Browsing named entities in a specific section of The Daily Dispatch: November 16, 1860., [Electronic resource]. Search the whole document.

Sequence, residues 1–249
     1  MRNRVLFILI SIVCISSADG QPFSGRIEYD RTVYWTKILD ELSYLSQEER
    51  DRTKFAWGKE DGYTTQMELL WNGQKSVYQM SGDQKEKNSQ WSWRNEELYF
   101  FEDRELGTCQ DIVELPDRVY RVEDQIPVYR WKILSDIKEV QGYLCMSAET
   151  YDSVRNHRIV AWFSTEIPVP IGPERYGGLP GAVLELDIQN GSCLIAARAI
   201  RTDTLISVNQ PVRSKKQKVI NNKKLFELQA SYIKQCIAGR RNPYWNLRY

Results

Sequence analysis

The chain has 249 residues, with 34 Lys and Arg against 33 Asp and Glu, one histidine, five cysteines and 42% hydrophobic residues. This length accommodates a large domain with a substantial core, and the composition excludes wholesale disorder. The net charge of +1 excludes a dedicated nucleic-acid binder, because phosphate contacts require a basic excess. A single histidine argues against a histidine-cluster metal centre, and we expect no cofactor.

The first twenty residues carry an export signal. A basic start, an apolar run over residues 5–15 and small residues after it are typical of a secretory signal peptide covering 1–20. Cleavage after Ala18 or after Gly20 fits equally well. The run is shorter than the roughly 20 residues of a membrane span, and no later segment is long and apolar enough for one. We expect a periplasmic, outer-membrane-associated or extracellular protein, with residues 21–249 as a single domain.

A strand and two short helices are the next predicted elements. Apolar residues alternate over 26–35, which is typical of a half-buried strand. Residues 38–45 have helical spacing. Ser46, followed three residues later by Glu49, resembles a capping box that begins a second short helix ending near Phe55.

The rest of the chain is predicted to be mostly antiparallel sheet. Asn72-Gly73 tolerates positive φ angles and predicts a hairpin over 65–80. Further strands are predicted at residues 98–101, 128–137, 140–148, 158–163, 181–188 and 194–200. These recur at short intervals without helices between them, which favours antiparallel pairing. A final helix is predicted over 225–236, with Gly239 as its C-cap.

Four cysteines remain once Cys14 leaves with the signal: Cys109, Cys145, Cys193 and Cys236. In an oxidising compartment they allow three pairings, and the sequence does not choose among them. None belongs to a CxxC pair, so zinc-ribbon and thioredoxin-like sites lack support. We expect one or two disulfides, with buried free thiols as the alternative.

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How a Drunkard feels--an Incident. --A graduate of one of the Universities of Great Britain came to me, shaking and trembling. --He said he had "come to me as he would go to a physician." I said, "You must stop drinking." "I can't." "You will die. " "I am afraid I shall, if I give it up; I can't." My wife and two gentlemen were present. I said, "What good does the drink do you?" "No good." "Why do you drink?" "I must have it." Thinking that, being an educated man, he might give me some ideas. I asked him: "Will you tell me how you felt before you began to drink, and afterwards?" I shall never forget! He stood up and said: "All I can say is, I must have it." "Why?" "I feel as if there were insects in my veins! Oh! it is horrible, horrible! I touch my coat, I touch my hands, and I jump! Oh! I shall go mad — mad — mad! If I could not get it without having a sound tooth torn out of my jaw. bring the instrument and wrench it cut; I must have the drink, you see — so I get it. A<